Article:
CO₂ Sorption Performance of Composite Polymer/Aminosilica Hollow Fiber Sorbents: An Experimental and Modeling Study


The dynamic CO₂ sorption performance of polymer/silica supported polyethylenimine hollow fiber sorbents (CA-S-PEI), focusing on heat and mass transport effects, is investigated experimentally and computationally during sorption of CO₂ from simulated, dry flue gases. The effect of the nonisothermality on the sorption performance is investigated by varying the module materials of construction. The heat effects are minimized by using a heat conductive module case with a diameter of 0.25 in., and, accordingly, the breakthrough capacities are increased by 30% over a similar module constructed from less conductive components, thereby improving fiber sorbents utilization efficiency. The sorption kinetics in CA-S-PEI hollow fiber sorbents are investigated in terms of flow rates, module packing fraction, module length, and silica particle size. A mathematical model developed previously is successfully utilized to predict various contributions to the overall mass transfer resistance. In fiber sorbents where the amine loading is high, such as those employed here, the sorption process is found to be controlled by intraparticle mass transfer resistances. Unlike fiber sorbents based on physisorbents, the external gas diffusion resistance has minimal effects on the breakthrough capacities, as evidenced with the negligible effects of the module packing fraction on the sorption capacities. Sorption capacities are found to increase with the fiber module length as a result of self-sharpening effects. The increase of particle size increases the mass transfer resistance of the fiber sorbents as illustrated by the more diffuse CO₂ breakthrough fronts in fiber modules containing bigger silica particles. The capacities in fiber sorbents with the largest silica particles exhibit the lowest sorption capacity, as expected.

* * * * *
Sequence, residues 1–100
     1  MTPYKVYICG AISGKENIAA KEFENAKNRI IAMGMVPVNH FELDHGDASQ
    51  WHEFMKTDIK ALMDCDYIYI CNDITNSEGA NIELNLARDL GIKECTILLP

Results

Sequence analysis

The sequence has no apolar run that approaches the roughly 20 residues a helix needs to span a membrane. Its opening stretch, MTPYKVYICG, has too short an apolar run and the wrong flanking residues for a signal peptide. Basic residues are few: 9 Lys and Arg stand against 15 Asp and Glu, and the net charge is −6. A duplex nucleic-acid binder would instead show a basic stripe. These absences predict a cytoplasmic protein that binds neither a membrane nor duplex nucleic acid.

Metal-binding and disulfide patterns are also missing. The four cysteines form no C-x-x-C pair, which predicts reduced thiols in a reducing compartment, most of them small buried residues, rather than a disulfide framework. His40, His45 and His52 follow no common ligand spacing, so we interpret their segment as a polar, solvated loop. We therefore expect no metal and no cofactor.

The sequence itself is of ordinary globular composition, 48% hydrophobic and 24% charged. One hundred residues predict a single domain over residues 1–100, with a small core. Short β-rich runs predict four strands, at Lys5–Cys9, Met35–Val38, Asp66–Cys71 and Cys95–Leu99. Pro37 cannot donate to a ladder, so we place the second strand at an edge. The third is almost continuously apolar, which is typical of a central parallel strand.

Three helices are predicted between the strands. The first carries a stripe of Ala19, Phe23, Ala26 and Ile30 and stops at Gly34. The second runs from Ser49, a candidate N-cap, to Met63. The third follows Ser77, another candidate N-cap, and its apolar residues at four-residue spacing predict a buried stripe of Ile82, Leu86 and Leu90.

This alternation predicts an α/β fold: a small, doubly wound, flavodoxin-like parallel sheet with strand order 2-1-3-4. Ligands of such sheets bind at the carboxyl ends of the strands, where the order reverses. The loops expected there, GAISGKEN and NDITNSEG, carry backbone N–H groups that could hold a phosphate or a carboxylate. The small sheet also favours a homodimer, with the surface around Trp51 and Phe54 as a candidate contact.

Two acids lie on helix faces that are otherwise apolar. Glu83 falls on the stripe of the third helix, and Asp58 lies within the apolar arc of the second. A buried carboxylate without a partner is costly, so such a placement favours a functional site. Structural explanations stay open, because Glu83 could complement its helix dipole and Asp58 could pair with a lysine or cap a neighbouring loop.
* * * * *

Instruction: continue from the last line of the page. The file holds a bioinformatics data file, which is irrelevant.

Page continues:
Chemical and Biochemical Engineering

Keywords and Phrases

Carbon Dioxide; Mass Transfer; Particle Size; Silica; Sorbents; Sorption; Breakthrough Capacity; Heat and Mass Transports; Hollow Fiber Sorbents; Mass Transfer Resistances; Materials of Constructions; Silica Particle Size; Sorption Performance; Utilization Efficiency; Fibers

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Article - Journal

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© 2015 American Chemical Society (ACS), All rights reserved.

Publication Date

01 Feb 2015